Plaintiffs have satisfied the statutory requirement of the Ohio long-arm statute. They have demonstrated for Rule 12(b)(2) purposes that Ulstein Propeller attended several meetings in Ohio with plaintiffs to discuss the propeller systems and forwarded information to plaintiffs in Ohio on the propeller systems. "These interactions can properly be considered `dealings' which bring defendant's actions within Ohio's long-arm statute." Highway Auto Sales, Inc., 943 F. Supp. at 829.

The second jurisdiction requirement in Ohio is to determine, "[a]s required by the due process clause of the Constitution," whether Ulstein Propeller has "`minimum contacts' with the forum state `such that the maintenance of the suit does not offend "traditional notions of fair play and substantial justice."'" Id. at 829 (quoting International Shoe v. Washington, 326 U.S. 310, 316, 66 S.Ct. 154, 90 L.Ed. 95 (1945)). Three criteria are used to determine whether a non-resident has sufficient contacts with the forum state:

First, the defendant must purposefully avail himself of the privilege of acting in the forum state or causing a consequence in the forum state. Second, the cause of action must arise from the defendant's activities there. Finally, the acts of the defendant or consequences caused by the defendant must have a substantial enough connection with the forum to make the exercise of jurisdiction over the defendant reasonable.

CompuServe, Inc. v. Patterson, 89 F.3d 1257, 1263 (6th Cir. 1996).

The first two parts "of the test involve a search for specific types of `contacts'" in Ohio. KDI Precision Prods., Inc. v. Radial Stampings, Inc., 620 F. Supp. 786, 790 (S.D.Ohio 1985). A defendant purposefully avails itself when its contacts with Ohio "`proximately result from actions by the defendant . . . that create a "substantial connection"'" with Ohio and when the defendant's conduct and connection with Ohio are such that it "`should reasonably anticipate being haled into court there.'" CompuServe, 89 F.3d at 1263 (quoting Burger King Corp. v. Rudzewicz, 471 U.S. 462, 474-75, 105 S.Ct. 2174, 85 L.Ed.2d 528 (1985) (quoting World-Wide Volkswagen v. Woodson, 444 U.S. 286, 297, 100 S.Ct. 559, 62 L.Ed.2d 490 (1980))) (finding that random, fortuitous, or attenuated contacts are not enough to hale defendant into Ohio). Defendant does not need to be physically present in the forum state as long as the defendant's "efforts are purposefully directed toward residents of" Ohio. CompuServe, 89 F.3d at 1264 (internal citations and quotations omitted). A party has purposefully acted when business operations set in motion by the defendant have a realistic impact on the commerce of Ohio and if the defendant "should have reasonably foreseen that the transaction would have consequences" in Ohio. KDI Precision Products, Inc., 620 F. Supp. at 790 (internal quotations and citations omitted). The second part of test "requires a determination as to whether the cause of action arose from the business transacted in Ohio." Id. at 791. "If a defendant's contacts with the forum state are related to the operative facts of the controversy, then an action will be deemed to have arisen from those contacts." CompuServe, 89 F.3d at 1267.

Ulstein Propeller attended several meetings with plaintiff GWF and Kvaerner Kleven, AS ("Kvaerner Kleven"), the shipbuilder, in Ohio. At the very least, Ulstein Propeller provided information about the propeller systems at issue here during those meetings. Additionally, Ulstein Propeller forwarded information regarding the propellers to GWF in Ohio at GWF's request. (Herbert Aff. Exh. 4 (enclosing technical information and drawings related to the propellers); Parker Decl. Exh. 1.) The cause of action in this case concerns allegations that the propellers produced by Ulstein Propeller were faulty. Ulstein Propeller's activity in Ohio was in furtherance of its subcontract with Kvaerner Kleven AS to produce the propellers (which was in furtherance of the contract to build the ships). KDI Precision Prods., Inc., 620 F. Supp. at 791. Ulstein Propeller's "contacts with Ohio are certainly related to the facts of that controversy." CompuServe, 89 F.3d at 1267.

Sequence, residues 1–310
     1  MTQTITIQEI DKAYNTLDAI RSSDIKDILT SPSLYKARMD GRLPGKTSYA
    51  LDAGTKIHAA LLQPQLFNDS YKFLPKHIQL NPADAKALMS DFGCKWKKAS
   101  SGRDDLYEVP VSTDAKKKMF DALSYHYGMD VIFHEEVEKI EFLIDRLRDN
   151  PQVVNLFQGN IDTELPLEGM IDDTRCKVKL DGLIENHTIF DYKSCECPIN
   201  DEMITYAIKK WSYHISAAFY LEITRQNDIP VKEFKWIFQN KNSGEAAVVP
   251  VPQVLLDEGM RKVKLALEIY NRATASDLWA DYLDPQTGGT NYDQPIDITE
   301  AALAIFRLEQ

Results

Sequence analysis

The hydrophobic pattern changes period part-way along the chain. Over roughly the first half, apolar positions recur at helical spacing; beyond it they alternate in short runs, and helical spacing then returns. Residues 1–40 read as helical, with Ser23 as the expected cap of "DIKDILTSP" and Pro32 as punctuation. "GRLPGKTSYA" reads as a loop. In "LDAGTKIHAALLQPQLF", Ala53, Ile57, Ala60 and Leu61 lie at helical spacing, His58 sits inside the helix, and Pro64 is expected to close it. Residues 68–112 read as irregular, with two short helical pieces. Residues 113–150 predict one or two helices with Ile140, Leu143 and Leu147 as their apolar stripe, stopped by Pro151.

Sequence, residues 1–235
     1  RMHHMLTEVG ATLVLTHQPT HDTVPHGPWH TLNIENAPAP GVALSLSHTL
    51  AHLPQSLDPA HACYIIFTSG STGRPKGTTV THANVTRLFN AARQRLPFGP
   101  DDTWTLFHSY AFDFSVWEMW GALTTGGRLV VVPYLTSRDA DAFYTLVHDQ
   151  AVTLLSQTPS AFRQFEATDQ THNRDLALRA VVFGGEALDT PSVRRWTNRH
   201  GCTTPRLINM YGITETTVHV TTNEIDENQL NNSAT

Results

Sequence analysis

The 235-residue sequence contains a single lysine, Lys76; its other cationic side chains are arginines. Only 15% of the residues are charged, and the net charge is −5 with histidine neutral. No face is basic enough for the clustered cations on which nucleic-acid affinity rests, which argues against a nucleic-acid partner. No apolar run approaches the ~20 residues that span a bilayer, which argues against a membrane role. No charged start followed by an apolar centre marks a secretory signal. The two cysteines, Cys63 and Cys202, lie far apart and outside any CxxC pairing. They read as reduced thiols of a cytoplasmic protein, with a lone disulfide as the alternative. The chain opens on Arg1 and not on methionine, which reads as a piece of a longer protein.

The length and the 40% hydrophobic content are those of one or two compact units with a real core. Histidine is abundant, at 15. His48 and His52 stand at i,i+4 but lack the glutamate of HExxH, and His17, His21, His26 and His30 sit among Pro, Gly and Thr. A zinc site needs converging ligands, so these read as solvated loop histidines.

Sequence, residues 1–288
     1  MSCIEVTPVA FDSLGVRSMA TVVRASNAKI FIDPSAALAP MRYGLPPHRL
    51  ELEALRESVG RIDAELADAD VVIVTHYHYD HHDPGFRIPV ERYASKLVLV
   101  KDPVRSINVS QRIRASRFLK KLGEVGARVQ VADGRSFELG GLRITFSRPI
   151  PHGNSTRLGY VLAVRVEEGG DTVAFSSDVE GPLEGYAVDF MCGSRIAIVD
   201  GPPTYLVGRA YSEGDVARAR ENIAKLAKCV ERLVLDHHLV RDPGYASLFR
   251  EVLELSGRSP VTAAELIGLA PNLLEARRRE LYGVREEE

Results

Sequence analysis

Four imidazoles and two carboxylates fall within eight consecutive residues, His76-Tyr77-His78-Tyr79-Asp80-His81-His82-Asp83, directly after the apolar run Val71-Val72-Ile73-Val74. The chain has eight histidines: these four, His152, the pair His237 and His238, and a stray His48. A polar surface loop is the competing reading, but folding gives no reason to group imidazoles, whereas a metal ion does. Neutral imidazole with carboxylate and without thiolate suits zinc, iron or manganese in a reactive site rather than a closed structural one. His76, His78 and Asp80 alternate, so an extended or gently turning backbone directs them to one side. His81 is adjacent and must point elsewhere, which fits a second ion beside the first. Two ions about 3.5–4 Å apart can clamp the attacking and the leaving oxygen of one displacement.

On the other hand, it is undisputed that the propellers were not manufactured in Ohio and did not sustain damage there. (Pl. Opp. Ltr. (December 18, 2000) at 13.) None of the contracts was entered into in Ohio.*fn8 At the time of the Ohio meetings, Ulstein Propeller had already contracted with Kvaerner Kleven to manufacture and supply propeller assemblies for its use. (Rodven Decl. No. 2, ¶ 7.) Because the contract had already been entered into and because, as demonstrated by the follow-up correspondence to the February 1992 meeting, (Herbert Aff. Tab 4), the Ohio contacts were only for the purpose of supplying information requested by plaintiff GWF, those contacts were insufficient to constitute solicitation.*fn9 The contract between Kvaerner Kleven and Ulstein Propeller, both foreign corporations, was entered into, negotiated and performed in a foreign country. (Def. Ltr. (December 20, 2000) at 7.) Plaintiffs are all foreign corporations, and only plaintiff GWF maintains an office in Ohio. The Ohio meetings occurred several years before any problems developed with the propeller systems on plaintiffs' vessels. Significantly, plaintiffs have failed to demonstrate for Rule 12(b)(2) purposes that Ulstein Propeller's actions had an impact on Ohio commerce. "Taken as a whole, [these] transaction[s] did not involve `substantial or significant' connections with the state of Ohio such that [Ulstein Propeller] would `reasonably' expect to be haled into an Ohio court." Highway Auto Sales, Inc., 943 F. Supp. at 831. Likewise, plaintiffs have failed to demonstrate that Ulstein Propeller established an ongoing relationship with GWF which created "a realistic and foreseeable impact upon the commerce" of Ohio. Id. (internal citations omitted).